Now I am inside out, like a startled aquatic oddity. This is my only defense: no shell, no spines – just grotesque inversion and a silent wish. It’s my primal instinct, my second nature. Cold pressure embraces me as I descend, claustrophobic in my own skin. The weight of paradox finishes the job: I am forced inward, I expand outward.
This is easy to explain. It’s covered in countless textbooks, pamphlets and the literature accompanying certain medications. But understanding is prosaic; explanation is trite and easy. Endless equations and abstracts thick with Latinate ramblings – these are creature comforts only to b-movie brains residing in liquid-filled jars.
How can I take such terms and place them in your heart? Only that kiln can fire them, reducing words to ideas and refining ideas into feelings. This impossible alchemy is surprisingly commonplace. Every day, we sublimate desires into the ether – ripe fruit for the nearest receiver. We write a book of affect, blithely cramming unspoken meaning between the lines.
We think – no, rather… we convey, therefore we are. And by this means, we find so many ways of existing. But few of us can locate our clockwork souls. They are mysterious even as they create the wonders of form, gesture and quiet meaning that emanate from each of us.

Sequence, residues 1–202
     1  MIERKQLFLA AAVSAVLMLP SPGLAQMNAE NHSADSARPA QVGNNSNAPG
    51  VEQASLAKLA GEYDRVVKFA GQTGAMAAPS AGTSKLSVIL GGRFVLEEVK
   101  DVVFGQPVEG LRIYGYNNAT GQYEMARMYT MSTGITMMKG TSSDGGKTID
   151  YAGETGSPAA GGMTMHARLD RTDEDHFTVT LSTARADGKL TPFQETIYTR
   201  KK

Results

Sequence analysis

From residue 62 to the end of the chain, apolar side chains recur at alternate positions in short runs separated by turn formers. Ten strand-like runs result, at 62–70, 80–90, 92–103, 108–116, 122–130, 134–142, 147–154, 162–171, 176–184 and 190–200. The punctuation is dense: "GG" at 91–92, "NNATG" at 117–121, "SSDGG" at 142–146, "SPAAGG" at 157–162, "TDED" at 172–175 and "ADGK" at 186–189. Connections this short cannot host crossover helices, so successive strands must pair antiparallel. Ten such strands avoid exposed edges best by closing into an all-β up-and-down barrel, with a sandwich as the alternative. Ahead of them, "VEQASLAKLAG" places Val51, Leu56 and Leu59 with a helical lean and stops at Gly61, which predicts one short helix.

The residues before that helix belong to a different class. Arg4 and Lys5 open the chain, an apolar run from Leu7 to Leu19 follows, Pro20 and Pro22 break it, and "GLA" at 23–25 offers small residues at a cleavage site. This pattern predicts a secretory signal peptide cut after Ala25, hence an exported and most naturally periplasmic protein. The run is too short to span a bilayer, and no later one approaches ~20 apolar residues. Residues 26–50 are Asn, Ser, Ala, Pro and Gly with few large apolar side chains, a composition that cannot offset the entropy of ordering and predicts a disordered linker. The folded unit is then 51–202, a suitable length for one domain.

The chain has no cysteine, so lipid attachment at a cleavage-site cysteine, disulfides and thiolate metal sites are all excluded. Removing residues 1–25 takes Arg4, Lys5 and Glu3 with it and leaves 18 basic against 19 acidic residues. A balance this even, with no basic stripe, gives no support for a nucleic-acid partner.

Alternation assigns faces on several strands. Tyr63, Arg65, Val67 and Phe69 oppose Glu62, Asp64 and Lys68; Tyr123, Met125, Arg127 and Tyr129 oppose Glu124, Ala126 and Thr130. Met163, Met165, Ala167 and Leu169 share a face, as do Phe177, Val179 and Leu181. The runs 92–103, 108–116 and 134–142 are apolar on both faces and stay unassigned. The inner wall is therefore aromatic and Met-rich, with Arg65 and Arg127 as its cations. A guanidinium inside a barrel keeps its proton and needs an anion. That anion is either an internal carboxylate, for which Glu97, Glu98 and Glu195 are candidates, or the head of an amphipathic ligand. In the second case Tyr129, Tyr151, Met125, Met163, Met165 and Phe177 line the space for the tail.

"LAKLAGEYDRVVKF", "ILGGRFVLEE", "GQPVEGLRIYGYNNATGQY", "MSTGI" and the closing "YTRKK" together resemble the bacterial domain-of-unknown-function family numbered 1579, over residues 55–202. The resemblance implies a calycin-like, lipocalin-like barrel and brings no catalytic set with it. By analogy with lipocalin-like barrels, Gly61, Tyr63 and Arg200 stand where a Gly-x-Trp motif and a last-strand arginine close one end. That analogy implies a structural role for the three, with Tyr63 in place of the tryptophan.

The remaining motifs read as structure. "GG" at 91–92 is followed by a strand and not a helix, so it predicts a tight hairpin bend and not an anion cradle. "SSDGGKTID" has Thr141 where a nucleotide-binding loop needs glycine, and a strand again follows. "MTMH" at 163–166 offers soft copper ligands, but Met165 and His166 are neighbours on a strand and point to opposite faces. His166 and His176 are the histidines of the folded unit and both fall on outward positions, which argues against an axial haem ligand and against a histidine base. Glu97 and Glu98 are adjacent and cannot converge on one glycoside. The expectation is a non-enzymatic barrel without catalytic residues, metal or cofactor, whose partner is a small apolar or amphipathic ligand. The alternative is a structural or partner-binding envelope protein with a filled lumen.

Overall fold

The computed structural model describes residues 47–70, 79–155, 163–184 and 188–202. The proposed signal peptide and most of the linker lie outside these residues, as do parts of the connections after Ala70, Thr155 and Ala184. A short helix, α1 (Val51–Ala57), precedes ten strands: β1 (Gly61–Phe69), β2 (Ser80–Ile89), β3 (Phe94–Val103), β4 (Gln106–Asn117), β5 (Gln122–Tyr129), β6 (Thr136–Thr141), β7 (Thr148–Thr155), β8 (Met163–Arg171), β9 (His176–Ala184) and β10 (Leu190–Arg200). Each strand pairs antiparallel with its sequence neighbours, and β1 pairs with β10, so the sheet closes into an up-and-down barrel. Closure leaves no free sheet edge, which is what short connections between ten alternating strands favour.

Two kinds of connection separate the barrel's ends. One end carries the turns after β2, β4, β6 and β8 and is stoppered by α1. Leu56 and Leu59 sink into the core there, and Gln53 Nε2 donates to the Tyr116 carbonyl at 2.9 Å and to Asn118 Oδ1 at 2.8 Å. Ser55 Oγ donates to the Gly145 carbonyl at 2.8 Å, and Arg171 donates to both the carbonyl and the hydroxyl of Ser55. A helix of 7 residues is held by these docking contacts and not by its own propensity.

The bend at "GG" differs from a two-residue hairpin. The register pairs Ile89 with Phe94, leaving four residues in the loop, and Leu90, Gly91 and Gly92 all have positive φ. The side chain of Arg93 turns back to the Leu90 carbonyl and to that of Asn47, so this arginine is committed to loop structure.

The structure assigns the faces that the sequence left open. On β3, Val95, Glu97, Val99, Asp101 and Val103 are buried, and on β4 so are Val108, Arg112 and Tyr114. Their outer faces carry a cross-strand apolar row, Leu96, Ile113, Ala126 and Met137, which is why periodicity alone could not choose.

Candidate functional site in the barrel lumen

Only a master can plan this. You must become an engineer. You must learn the ways of gears and springs. Even then, the magic is not assured. Art happens when ability fails to stifle intent. Then, everything floats. The perpetual motion machines are pulled from the stream of time, but they keep moving. You see them with unrefracted clarity, and you finally understand. Intricate pieces form a subtle gestalt that reflects the chemistry in our little hearths.
Yet, despite the expertise of the master and the engineer, this is instinct. To food, water and security, add ecstasy. This need fills the spaces between our heartbeats. We all want out, and our beauty, athleticism and charm attest to our solipsistic predicament – not a denial of reality, but recognition of its profusion, its plurality. We cannot ignore the many worlds around us, despite our dearest wishes. The market is flooded with personal cosmologies: nobody is buying, everybody is selling, and we all hope to at least share the burden of ownership.
A hapless muse lives in each of us. It’s there from the moment the natal apron string is snipped. We each incubate one deep inside ourselves. We feed our djinn the fruits of sensation and nurse them with unpasteurized desire; in return, they guide us toward a more profound sustenance. With their help, we digest experiences; we break down those meaningless molecules and reconfigure them inside ourselves – we reconfigure ourselves with them. And as we grow our muses grow, until we need to let them out from time to time.
But sometimes the muse can seem a harpy. What else would dig its talons so deeply into one’s flesh… so deeply that they pierce bone? Brittle shells easily crack and give way to angry, bloody marrow. Everything pithy is quickly brought to the surface, but expedience is accompanied by agony and horror. You’re thankful in spite of yourself. The beast will let go, but what will be left when it does?